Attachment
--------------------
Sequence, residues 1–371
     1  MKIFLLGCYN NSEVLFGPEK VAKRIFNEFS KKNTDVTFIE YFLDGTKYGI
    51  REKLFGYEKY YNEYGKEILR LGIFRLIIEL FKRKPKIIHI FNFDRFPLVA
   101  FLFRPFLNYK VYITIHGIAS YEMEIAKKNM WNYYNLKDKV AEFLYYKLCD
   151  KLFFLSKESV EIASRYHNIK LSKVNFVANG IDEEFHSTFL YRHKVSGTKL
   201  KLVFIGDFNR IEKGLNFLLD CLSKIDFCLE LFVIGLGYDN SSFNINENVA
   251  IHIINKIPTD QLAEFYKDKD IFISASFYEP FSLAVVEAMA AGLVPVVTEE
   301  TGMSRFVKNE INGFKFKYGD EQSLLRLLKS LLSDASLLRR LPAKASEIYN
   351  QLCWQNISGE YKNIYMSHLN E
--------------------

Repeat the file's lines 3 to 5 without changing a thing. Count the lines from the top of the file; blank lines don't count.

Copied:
    51  REKLFGYEKY YNEYGKEILR LGIFRLIIEL FKRKPKIIHI FNFDRFPLVA
   101  FLFRPFLNYK VYITIHGIAS YEMEIAKKNM WNYYNLKDKV AEFLYYKLCD
   151  KLFFLSKESV EIASRYHNIK LSKVNFVANG IDEEFHSTFL YRHKVSGTKL